Voting Rights for Blacks and Poor Whites in the Jim Crow South

From about 1900 to 1965, most African Americans were not allowed to vote in the South. White people in power used many methods to keep black people from voting. Some of these methods also prevented poor white people from voting. Today there are still laws and customs that make it harder for African Americans, other minorities, and some whites to vote.

segregated blk school in South

The Education of Black Children in the Jim Crow South

Education is the key to economic success. It is true now, and it was true in the Jim Crow South. Southern education was not very good – even for white children. But education for blacks in the South in the early 1900s was worse in many ways. In this exhibit you can learn what school was like for most African American children in the South – and why.

John Carter lynched w:policeman

John Carter: A Scapegoat for Anger

In 1927, a frenzied white mob in Little Rock, Arkansas, was focused on revenge. A little white girl had been murdered and they wanted to lynch whoever did it. When they grabbed a black man, they knew he wasn’t the killer. Still, they thought he’d done something else that made them mad. John Carter was their scapegoat: he paid the price for something he didn’t do.

JRosenwald & BookerTWashington

The Rosenwald Schools: An Impressive Legacy of Black-Jewish Collaboration for Negro Education

This exhibit has video

Between 1912 and 1932, nearly 5,000 “Rosenwald schools” for black children were established in the South. The money to start them came from a Jewish donor, Julius Rosenwald, who collaborated with Booker T. Washington. By 1932, about one-third of black students in the South were attending Rosenwald schools. In addition to 4,977 schools, Rosenwald contributed to 217 homes for teachers. He also established 163 machine shops where students learned practical skills.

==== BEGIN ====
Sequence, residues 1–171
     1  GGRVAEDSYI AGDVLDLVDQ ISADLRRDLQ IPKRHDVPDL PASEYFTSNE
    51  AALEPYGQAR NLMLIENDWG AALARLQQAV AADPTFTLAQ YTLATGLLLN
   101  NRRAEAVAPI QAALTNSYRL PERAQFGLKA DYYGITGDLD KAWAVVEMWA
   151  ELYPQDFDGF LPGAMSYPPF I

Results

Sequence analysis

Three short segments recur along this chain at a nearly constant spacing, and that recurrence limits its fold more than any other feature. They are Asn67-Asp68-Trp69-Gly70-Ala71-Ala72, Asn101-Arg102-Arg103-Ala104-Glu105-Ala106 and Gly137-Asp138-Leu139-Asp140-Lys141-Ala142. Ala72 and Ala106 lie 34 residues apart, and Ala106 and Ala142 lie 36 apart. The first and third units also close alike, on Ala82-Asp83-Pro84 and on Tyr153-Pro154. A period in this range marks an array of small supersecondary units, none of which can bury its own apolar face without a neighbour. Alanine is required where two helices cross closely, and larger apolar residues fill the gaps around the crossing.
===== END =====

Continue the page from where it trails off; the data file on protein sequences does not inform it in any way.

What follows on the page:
The Two Platforms

Political Parties in Black and White

How the first African American voters started out with the Republican Party – and how most ended up voting with the Democratic Party today.

The mammy, Aunt Jemima, offers comfort food

Hateful Things: An Exhibit from the Jim Crow Museum of Racist Memorabilia

This exhibit has video

In 2006, ABHM brought the traveling exhibit “Hateful Things” from the Jim Crow Museum of Racist Memorabilia. Two Milwaukee teens made this excellent short video about the exhibit and what they learned from it. In this exhibit you can see racist memorabilia and visit the Jim Crow Museum.

My Son, My Grandson

Stories Behind the Postcards: Paintings and Collages of Jennifer Scott

Chicago artist Jennifer Scott shares her vision of what happened after the lynching parties, photographers, and spectators left their dead victims. The “postcards” in this exhibit’s title refer to the souvenir photos that were made into postcards that lynching participants sent to family and friends. Because of these popular cards, we know what lynching victims looked like in death. But do we give any thought to the mothers, fathers, sons, and daughters who came to cut their loved ones down?